Zenner tries to make his mark in unsettled Lions backfield

Josh Katzenstein
The Detroit News
Lions running back Zach Zenner takes the ball upfield during drills.

Lions running back Zach Zenner suffered a season-ending injury on the 19th touch of his rookie season, but it’d be wrong to say that last year’s preseason darling is injury-prone.

“I just got pressed between two guys, took a big hit and my pads didn’t take any of the hit,” he said Thursday. “It was all on my ribs.

“When you listen, you don’t hear a pop of any pads because it hit all flesh. It hit all my chest cavity, and my chest cavity compressed. And actually you come back stronger from the bones breaking.”

And if Zenner indeed comes back stronger in 2016, it could be just the boost the Lions need in a backfield filled with question marks.

Atop the depth chart, the Lions have Ameer Abdullah, who hasn’t practiced this offseason while recovering from shoulder surgery. Abdullah was solid as a rookie, averaging 4.2 yards per carry, but considering he had just 8.9 carries per game, there’s no reason to think he’ll suddenly receive all the handoffs.

Theo Riddick, a sensational receiver, could be more involved in the run game, too, but he has yet to prove he can be a reliable runner with a 2.9-yard average for his career.

Stevan Ridley has the best NFL credentials with a 1,263-yard performance for New England in 2012, but he played just 14 total games the last two years due to a knee injury.

George Winn has just 23 career carries with a 3.2-yard average. Rookie Dwayne Washington has the athleticism to contribute, but the seventh-round pick had fumbling issues in college that have already resurfaced in his two weeks with the team.

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Then, there’s Zenner, who went undrafted last year and made the Lions’ 53-man roster thanks to a stunning preseason performance with 249 yards from scrimmage and three touchdowns in four exhibitions.

Zenner’s opportunity came sooner than he expected as he had two carries — gaining just 6 yards — in Week 1 last year. Then, as Joique Bell nursed an injury and Abdullah dealt with fumbling issues, Zenner saw more time, with another two carries and a catch in Week 4.

Then, in Week 5, Zenner had season highs of 10 carries for 30 yards and added a 7-yard catch. The numbers weren’t gaudy, but he looked to be a factor in the offense again in Week 6 with three carries for 15 yards before two Bears players cracked his ribs.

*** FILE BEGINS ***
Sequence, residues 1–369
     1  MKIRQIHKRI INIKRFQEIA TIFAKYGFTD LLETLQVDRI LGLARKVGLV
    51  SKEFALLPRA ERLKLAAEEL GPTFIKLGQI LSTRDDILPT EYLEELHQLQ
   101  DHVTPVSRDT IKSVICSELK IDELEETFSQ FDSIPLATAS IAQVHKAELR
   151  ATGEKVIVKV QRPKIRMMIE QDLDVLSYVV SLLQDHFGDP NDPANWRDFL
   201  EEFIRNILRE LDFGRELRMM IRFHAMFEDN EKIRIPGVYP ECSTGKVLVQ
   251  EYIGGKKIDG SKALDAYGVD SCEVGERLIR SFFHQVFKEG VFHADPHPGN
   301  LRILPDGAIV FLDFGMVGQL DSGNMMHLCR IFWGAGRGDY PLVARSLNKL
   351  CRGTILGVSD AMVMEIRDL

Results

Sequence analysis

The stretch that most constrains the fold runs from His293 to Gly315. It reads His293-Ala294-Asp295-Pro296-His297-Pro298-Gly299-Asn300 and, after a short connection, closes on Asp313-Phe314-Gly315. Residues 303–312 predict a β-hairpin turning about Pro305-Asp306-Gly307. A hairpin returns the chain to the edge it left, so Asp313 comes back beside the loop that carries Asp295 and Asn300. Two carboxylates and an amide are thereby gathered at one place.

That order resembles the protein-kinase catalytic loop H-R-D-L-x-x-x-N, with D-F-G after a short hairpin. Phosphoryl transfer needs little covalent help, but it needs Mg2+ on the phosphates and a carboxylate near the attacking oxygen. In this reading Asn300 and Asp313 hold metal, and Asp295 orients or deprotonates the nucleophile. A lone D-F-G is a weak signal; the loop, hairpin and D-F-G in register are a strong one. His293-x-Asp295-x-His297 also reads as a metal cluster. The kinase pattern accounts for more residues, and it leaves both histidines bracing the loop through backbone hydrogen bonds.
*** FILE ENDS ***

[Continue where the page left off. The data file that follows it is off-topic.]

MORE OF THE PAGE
“The hardest part to accept was the fact that I had worked for a long time to get to that point, and then it was gone in one play,” he said.

As painful as fractured ribs sound, Zenner was actually healthy before the end of the season. But because he was on injured reserve, he took his time recovering, something that wasn’t an option while running for 2,000-plus yards in three straight seasons at South Dakota State.

Zenner said he lost more weight than he usually would during the early portion of the offseason, but he’s back near the 220 pounds he wants to be.

And because Abdullah has been out all offseason and Ridley has been sidelined the past few weeks, Zenner has had ample opportunities in practice, though it’s hard for backs to impress much without pads.

“I think anytime you can get in and get reps it’s going to help you,” coach Jim Caldwell said. “So, I think he’s a bit more familiar from an application process of what we’re doing, and I think that’s going to help him.”

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Zenner said his familiarity with life in general is better, too. Last year, everything was new for Zenner, from the NFL game to his living situation. Now, he’s comfortable and ready to perform, and Abdullah said Zenner can do “anything he sets his mind to.”

“When he’s on the field, he’s going to make a play,” Abdullah said.

Obviously, what Abdullah does could impact how many opportunities Zenner has to impress. And even though Zenner proved himself a bit last year, he hasn’t reached the point where he’s secure in his job.

“I think in this league, it doesn’t matter who you are — except maybe a quarterback with a really large contract who has proven success — for the most part everyone’s fighting for a spot,” he said.